Using Ranch with Elixir

Posted on 12 Jul 2017 by Eric Oestrich

I started playing around with ranch yesterday and didn't see any examples on how to use it with Elixir, or an example with a GenServer. I finally managed to get it going, here is how I did it.

Start ranch

I have this module being started as a worker for my application. This will kick off the listener.

defmodule App do
  def start_link() do
    :ranch.start_listener(make_ref(), :ranch_tcp, [{:port, 5555}], App.GenProtocol, [])
  end
end

The first parameter is a reference, I couldn't find any explanation on how it's used so I went with make_ref. The other thing that matters is the App.GenProtocol part, which is the callback module that ranch will use for starting new connections.

Ranch Protocol

This part is fairly simple to get going as a non-GenServer process, but I really wanted to use GenServer since it handles a lot of extras for me. The tricky part was using :proc_lib to start the module and then entering the :gen_server.enter_loop after hooking up to the socket.

To note, the transport variable is :ranch_tcp which ends up calling into that erlang module.

defmodule App.GenProtocol do
  use GenServer

  @behaviour :ranch_protocol

  def start_link(ref, socket, transport, _opts) do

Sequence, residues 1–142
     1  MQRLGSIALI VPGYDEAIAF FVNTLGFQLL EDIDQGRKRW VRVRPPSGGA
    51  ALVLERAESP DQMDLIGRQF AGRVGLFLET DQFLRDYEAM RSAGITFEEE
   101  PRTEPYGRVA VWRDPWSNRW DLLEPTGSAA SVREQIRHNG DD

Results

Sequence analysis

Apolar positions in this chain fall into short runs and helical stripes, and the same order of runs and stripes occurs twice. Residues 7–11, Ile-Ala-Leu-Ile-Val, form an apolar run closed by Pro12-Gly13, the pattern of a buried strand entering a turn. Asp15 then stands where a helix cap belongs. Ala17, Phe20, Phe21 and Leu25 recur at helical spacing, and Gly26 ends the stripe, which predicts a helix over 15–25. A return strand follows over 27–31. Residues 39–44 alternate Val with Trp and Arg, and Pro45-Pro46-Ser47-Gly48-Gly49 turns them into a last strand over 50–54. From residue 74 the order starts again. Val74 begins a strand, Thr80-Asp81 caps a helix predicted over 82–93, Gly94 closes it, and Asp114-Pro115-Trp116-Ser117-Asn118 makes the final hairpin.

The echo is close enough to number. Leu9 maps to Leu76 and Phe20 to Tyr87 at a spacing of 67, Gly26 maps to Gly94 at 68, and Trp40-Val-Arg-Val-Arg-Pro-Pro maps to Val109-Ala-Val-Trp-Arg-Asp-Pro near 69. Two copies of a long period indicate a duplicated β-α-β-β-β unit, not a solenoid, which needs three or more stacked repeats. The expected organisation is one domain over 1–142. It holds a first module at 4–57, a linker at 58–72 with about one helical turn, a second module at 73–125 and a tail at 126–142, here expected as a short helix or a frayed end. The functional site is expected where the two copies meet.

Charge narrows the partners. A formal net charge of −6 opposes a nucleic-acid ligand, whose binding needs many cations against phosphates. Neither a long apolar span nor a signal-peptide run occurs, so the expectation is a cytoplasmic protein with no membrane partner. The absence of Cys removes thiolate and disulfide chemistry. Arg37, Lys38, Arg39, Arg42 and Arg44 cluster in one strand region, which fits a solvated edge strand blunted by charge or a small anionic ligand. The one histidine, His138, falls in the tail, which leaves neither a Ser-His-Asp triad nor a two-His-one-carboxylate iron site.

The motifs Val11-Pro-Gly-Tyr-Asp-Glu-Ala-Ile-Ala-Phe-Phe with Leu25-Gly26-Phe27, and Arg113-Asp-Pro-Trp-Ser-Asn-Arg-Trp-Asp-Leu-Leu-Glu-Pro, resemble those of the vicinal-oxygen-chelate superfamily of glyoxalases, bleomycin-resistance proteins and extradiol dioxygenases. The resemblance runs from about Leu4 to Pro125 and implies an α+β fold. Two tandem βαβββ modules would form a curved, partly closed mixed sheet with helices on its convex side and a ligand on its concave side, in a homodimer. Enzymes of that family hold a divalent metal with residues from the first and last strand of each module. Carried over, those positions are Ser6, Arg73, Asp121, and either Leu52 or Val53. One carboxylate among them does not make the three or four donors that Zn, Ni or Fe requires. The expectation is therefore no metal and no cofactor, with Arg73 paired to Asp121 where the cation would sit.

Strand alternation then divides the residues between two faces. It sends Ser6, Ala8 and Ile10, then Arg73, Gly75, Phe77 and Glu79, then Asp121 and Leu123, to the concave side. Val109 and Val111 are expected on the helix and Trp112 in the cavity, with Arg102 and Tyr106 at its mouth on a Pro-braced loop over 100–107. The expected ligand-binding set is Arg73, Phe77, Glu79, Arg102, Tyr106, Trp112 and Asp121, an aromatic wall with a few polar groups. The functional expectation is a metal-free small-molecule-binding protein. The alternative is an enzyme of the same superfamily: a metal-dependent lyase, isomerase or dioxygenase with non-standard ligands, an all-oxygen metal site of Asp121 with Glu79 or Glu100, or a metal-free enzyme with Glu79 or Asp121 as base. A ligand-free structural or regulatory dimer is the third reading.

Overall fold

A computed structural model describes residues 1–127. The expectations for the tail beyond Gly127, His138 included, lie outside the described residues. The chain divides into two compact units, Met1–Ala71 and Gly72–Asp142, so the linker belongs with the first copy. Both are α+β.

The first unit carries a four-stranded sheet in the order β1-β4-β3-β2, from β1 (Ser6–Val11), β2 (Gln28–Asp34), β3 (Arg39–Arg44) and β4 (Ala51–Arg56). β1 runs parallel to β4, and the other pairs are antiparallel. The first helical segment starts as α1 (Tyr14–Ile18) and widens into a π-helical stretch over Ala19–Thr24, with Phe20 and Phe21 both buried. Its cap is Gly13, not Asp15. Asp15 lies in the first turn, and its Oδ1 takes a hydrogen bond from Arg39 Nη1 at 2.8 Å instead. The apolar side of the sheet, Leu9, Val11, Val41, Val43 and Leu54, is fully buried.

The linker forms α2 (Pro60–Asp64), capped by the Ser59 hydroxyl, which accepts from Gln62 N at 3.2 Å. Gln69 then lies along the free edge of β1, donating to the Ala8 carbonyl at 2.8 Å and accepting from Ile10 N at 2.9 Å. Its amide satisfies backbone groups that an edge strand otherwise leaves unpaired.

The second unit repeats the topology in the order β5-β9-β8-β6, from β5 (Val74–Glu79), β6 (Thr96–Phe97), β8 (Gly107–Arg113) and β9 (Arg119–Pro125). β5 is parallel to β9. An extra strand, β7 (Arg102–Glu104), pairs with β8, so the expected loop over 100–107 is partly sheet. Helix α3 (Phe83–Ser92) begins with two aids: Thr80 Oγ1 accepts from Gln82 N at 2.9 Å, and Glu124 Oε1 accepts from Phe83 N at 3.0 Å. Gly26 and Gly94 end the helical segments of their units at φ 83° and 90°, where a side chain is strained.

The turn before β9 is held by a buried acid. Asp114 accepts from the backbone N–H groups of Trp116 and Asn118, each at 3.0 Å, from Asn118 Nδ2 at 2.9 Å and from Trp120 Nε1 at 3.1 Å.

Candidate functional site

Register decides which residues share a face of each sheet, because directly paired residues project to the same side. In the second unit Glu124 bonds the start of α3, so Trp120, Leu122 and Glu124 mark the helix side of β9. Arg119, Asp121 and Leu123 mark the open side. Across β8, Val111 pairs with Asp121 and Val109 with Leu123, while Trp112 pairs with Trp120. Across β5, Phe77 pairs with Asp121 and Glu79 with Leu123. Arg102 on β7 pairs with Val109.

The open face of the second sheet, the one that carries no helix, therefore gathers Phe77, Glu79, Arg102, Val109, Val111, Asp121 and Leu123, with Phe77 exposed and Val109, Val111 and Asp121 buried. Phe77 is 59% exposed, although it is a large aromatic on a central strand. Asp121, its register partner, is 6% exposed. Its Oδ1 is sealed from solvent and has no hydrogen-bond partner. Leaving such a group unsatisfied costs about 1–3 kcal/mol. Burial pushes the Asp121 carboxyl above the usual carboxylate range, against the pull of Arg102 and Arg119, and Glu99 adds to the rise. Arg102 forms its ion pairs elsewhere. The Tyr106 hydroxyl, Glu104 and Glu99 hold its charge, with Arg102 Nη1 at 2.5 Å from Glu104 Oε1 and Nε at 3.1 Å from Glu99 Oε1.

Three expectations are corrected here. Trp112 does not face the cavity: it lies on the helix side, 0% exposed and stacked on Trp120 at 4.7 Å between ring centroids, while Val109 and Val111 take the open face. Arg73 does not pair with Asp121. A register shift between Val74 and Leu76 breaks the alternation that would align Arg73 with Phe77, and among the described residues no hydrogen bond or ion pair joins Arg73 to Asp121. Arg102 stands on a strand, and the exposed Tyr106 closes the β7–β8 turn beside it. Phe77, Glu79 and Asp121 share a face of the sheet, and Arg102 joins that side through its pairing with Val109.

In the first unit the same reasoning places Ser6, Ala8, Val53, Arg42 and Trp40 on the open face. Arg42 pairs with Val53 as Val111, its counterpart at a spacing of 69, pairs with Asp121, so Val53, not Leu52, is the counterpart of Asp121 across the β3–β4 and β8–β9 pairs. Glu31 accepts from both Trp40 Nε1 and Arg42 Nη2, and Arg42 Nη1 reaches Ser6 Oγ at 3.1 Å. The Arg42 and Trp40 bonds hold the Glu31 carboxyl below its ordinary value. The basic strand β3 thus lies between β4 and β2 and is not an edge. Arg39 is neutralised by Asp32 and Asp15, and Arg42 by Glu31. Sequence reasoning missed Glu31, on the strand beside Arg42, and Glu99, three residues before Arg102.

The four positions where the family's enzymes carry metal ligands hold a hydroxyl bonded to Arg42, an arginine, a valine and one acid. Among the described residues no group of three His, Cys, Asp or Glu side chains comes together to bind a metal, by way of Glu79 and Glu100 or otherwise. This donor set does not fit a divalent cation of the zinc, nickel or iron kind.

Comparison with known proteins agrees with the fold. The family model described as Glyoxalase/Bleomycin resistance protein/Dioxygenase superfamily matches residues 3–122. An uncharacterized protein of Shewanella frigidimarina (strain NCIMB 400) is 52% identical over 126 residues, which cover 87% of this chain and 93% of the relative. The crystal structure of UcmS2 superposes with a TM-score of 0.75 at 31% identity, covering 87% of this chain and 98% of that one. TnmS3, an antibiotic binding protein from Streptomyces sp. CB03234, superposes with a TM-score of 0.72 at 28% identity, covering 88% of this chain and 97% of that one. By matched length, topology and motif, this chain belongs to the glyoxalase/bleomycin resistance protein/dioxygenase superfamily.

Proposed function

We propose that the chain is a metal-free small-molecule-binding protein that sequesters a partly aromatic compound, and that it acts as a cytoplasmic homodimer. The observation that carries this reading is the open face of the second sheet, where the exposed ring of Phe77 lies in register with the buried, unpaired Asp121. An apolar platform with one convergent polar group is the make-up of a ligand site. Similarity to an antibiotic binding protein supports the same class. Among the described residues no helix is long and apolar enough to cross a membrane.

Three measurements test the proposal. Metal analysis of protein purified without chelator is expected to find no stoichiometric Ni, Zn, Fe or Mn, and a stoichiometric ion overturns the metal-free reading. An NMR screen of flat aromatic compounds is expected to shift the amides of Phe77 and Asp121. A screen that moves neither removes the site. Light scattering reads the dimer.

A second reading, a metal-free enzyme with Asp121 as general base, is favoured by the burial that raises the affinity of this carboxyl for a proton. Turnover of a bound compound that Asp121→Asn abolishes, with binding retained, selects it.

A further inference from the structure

pid = :proc_lib.spawn_link(__MODULE__, :init, [ref, socket, transport])
    {:ok, pid}
  end

  def init(ref, socket, transport) do
    IO.puts "Starting protocol"

    :ok = :ranch.accept_ack(ref)
    :ok = transport.setopts(socket, [{:active, true}])
    :gen_server.enter_loop(__MODULE__, [], %{socket: socket, transport: transport})
  end

  def handle_info({:tcp, socket, data}, state = %{socket: socket, transport: transport}) do
    IO.inspect data
    transport.send(socket, data)
    {:noreply, state}
  end
  def handle_info({:tcp_closed, socket}, state = %{socket: socket, transport: transport}) do
    IO.puts "Closing"
    transport.close(socket)
    {:stop, :normal, state}
  end
end

This will create a simple echo server. You can connect via telnet with telnet localhost 5555. It is very easy to extend this to perform more complex actions.

Example

Server
$ mix run --no-halt
Compiling 1 file (.ex)
Starting protocol
"Hi\r\n"
Closing
Client
$ telnet localhost 5555
Trying 127.0.0.1...
Connected to localhost.
Escape character is '^]'.
Hi
Hi
^]
telnet> Connection closed.
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Eric Oestrich
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